Focus Beacon Application


ChadCo. Studio worked with Focus on the Family to research and outline business applications for Bluetooth BLE beacons. The supporting materials outline a summary of what beacons are, how they work, how they are being used to help meet both user and business objectives, and an attempt to explore what a beacon application might look like in context.

What Are Beacons?

Beacons are a low-cost piece of hardware — small enough to attach to a wall or countertop — that use battery-friendly, low-energy Bluetooth connections to transmit messages or prompts directly to a smartphone or tablet.

How Do Beacons Work?

Beacons use a more sophisticated version of Bluetooth, called Bluetooth Low Energy (BLE), a wireless personal area network technology used for transmitting data over short distances. When a phone comes within range of that signal emitted by a beacon, the app can trigger a push notification, an event, or a call to action.

Beacons Need 3 Basic Things In Order To Work Properly:

    • Location. Location. Location. – Once you have a beacon, it just needs to a physical location in which to be stuck.
    • Source of Application – Beacons need a native smart phone app that is coded specifically for a phone’s OS.
    • Turn It On! – Bluetooth capabilities on the mobile device need to be switched on.

What Are The Benefits Of BLE?

    • Low Energy
    • Low Cost
    • Simple Application


    1. Event Navigation – Help attendees find the check-in table or other areas of interest when they arrive or alert attendees to panel discussions and speaker information so they know when and where different events are taking place. Help attendees know when they are close to these events and what time the events will start.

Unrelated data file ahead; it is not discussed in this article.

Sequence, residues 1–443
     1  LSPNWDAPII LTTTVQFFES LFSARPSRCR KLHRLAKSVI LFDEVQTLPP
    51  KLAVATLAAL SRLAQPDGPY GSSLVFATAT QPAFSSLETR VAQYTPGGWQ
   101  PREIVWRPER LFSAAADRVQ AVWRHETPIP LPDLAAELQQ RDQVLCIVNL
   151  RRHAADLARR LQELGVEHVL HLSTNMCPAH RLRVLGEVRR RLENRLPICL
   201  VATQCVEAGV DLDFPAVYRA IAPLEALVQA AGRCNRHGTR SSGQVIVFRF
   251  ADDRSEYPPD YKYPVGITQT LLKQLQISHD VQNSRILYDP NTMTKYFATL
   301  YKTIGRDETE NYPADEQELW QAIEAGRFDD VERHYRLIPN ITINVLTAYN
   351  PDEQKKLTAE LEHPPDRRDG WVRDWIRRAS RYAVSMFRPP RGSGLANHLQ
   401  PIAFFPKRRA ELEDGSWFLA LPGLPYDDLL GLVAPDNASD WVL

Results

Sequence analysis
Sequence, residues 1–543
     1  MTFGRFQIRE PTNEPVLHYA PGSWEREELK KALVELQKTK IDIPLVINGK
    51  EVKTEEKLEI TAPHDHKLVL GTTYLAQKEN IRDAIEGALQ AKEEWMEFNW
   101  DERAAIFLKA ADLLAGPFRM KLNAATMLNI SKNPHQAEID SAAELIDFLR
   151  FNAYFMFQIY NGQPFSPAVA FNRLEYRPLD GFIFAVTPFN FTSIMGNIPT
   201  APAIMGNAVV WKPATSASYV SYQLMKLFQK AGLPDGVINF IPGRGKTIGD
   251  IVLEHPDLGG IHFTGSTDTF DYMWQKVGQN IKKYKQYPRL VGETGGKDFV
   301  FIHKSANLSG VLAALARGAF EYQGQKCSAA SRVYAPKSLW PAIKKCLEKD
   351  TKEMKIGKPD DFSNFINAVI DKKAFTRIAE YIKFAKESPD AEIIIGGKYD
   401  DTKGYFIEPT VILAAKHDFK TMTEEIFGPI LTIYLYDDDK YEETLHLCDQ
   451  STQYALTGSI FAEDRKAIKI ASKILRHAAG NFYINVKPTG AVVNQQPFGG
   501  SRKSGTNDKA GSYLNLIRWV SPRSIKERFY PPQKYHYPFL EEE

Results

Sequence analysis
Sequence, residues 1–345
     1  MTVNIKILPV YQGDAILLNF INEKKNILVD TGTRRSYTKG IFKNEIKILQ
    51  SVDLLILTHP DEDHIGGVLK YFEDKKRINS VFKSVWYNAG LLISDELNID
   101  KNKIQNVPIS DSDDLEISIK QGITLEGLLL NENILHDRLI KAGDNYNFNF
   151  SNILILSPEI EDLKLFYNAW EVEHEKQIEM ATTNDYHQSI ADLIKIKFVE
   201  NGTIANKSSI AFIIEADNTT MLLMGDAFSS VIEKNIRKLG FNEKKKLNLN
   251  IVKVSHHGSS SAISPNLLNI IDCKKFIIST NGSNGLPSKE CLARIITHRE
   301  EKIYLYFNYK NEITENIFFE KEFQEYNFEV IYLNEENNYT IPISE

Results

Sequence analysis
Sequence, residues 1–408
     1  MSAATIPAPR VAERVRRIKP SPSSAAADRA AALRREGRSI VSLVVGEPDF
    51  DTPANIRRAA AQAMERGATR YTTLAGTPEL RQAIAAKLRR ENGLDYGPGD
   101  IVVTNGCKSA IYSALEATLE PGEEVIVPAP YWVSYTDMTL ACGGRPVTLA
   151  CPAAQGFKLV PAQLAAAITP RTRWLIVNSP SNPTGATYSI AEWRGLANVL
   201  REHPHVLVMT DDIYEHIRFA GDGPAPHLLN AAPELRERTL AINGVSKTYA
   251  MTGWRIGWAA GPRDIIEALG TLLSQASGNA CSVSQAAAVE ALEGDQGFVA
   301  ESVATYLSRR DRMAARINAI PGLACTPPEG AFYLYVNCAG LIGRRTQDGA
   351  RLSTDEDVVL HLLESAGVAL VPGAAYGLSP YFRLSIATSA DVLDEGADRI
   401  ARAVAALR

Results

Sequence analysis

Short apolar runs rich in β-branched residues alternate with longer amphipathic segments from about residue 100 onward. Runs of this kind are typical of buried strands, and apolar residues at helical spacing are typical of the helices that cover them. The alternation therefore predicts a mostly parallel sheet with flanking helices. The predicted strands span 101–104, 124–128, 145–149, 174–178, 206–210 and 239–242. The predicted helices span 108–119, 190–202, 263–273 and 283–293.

2. Attendance – It’s always good to see who shows up to your events, but sometimes attendees are late and miss check-in, or they leave early. Beacon technology will allow you to measure who actually shows up and how long they stay. Perhaps everyone left before the final event or just after lunch. This can help you plan better, more engaging events.
    3. Connecting with Users – Send electronic surveys after an event then ask them to sign up for email newsletters. Or suggest they follow you/your speakers on social media while they’re already thinking about your organization.
    4. Special Offers – Offer discounts on future events, products or services to reward attendees. Send a notification with a coupon or deal specific to users notified using the beacon app.
    5. Proximity Fundraising – Nonprofits can set up proximity marketing to alert passersby about the organization and current programs. For example, if someone walks by a food pantry, the organization can send out an alert with a statistic about the lack of access to nutritional food in the neighborhood and prompt for a donation.
    6. Corporate Partnerships – Companies like Macy’s or CVS Health often partner with charitable organizations and ask their shoppers to support the cause. With beacon technology, organizations can push “the ask” directly to the shoppers’ phones while they waiting in line or picking up their items.

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